Montreal Mayor Valerie Plante had two words to describe her government’s commitment to bringing a Major League Baseball team back to the city on Friday: “We’re in.”

But that doesn’t mean the city will see a MLB squad take to the field for the first time since the Expos departed to Washington, D.C. in 2004 anytime soon.

Plante met with Mitch Garber and Stephen Bronfman, two of Montreal’s most prominent and wealthy businesspeople, at city hall. Afterwards, Garber warned Montrealers against getting their hopes up about a return of Nos Amours.

“Stephen made it clear to the mayor the baseball file is a slow moving file,” he said. “If there’s a team that can move to Montreal or a new team that could be established, we’ll figure out what the conditions are that can attract that team.”

Garber said he and Bronfman had not asked for any type of public funds or tax breaks, calling such talk “premature.”

When asked to specify her commitment to a new team, Plante said she hopes to cooperate with the business community if an opportunity presents itself.

 “It means we want to work together,” she said. “If there’s a possibility to have a team coming back to Montreal and it makes sense, we’re going to work together. How can we put our strength and networks together? What’s good for Montreal, this is where we’re in.”

Bronfman said there’s no timeline for any new team but praised Plante’s support as necessary.

“It means a lot,” he said. “If this is going to work, everyone has to be on the same page. The city plays a big role.”

Bronfman’s father, Charles, was the founding owner of the Montreal Expos. He sold the team to a consortium of new owners in 1990.

The meeting came a day after Plante posted a photograph to social media of her posing with a wide smile and sporting an Expos cap. While rumours have swirled for years about an imminent Expos return, much of that talk was sparked by Plante’s predecessor, Denis Coderre.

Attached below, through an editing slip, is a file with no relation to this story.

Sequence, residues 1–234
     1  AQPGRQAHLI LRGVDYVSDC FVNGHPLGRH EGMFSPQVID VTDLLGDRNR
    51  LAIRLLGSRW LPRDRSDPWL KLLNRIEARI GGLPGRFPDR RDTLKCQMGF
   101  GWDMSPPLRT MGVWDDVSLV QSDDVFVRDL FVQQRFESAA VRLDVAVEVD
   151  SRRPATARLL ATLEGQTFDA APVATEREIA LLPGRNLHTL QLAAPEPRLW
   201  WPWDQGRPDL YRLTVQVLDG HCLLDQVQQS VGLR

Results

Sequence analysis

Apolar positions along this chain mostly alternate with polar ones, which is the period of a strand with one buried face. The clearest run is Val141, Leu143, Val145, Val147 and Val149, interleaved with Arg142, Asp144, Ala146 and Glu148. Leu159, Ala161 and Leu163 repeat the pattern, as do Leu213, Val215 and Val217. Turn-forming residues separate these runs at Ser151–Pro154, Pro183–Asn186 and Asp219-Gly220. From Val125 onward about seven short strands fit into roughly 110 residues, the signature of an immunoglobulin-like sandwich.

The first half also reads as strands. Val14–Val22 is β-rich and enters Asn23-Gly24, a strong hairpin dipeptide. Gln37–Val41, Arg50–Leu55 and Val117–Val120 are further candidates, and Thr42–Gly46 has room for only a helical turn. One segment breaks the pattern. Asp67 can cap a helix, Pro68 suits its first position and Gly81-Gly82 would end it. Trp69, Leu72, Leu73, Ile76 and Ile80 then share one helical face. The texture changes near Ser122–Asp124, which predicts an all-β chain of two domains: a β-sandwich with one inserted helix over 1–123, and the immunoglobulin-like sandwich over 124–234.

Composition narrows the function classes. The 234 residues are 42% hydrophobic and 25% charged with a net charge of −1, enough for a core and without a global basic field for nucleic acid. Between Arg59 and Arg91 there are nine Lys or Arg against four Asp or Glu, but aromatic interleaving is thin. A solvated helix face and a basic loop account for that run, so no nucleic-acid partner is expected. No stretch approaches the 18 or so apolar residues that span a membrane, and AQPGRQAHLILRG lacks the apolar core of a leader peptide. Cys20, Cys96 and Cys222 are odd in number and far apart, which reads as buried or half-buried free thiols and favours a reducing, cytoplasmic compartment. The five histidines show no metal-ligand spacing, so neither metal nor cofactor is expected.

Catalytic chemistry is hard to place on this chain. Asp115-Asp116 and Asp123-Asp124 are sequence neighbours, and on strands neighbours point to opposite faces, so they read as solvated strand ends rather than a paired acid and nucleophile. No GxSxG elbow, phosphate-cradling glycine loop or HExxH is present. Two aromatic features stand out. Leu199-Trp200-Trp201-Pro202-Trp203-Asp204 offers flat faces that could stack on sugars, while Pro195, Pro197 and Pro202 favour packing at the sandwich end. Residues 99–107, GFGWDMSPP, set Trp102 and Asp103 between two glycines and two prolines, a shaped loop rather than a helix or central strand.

During his tenure in office, Coderre had portrayed himself as a major supporter of a return of Major League Baseball, holding events with former Expos stars like Tim Raines and being a regular presence at the now-annual Toronto Blue Jays exhibition games at the Olympic Stadium. Plante, by contrast, said during the campaign she would support a push for a new team but would not commit any public funds to the project without a referendum.

Plante said her stance still remains the same on the public funding issue, but said there are other options for the city's involvement to explore, including public transit or, aid in acquiring land for a new stadium or meeting with MLB officials. 

"For any type of team, if we need to build a new stadium and that implies using Montrealers' money, we need to ask them first," she said. "We've seen other places in North America and the world where it's been very expensive and it was difficult on the citizens' pocket. At this point, what we were talking about today, is there's other options."

Plante did not attend this year’s set of exhibition games.

Kevin Reichard, founder of Ballpark Digest, said he does see a reason for optimism for Montreal's baseball fans, but cautioned he believes it would take at least six years before the first pitch is thrown at any games.

"Major League Baseball is to the point where there are 28 teams with very solid venues in place," he said. "Oakland and Tampa Bay are working on theirs and once solutions are found in their two cities it's fairly inevitable Major League Baseball will be looking for new markets. A lot of people in baseball have very fond memories of the Expos and the unique way games were held in Montreal."

Toronto Star baseball columnist and former Expos publicity director Richard Griffin said the best hope for a new team in Montreal is expansion, explaining that while owners in Tampa Bay and Oakland have both threatened relocation in recent years, that's likely a tactic aimed at getting public funds to build new stadiums. 

"Once that's out of the way, I think that's the biggest impediment and at that point, when MLB announces expansion by two teams, Montreal's at the top of the list," he said. 

The Montreal Expos played their first game as a franchise on April 8, 1969 against the New York Mets at Shea Stadium. They moved to Washington, D.C. and were rebranded the Nationals following the 2004 season.

Prior to the Expos, Montreal had been home to the minor league Royals, who served as a farm team for the Brooklyn Dodgers. The 1946 team included Hall of Famer Jackie Robinson, who would go on to break MLB’s colour barrier as the first black player the next year.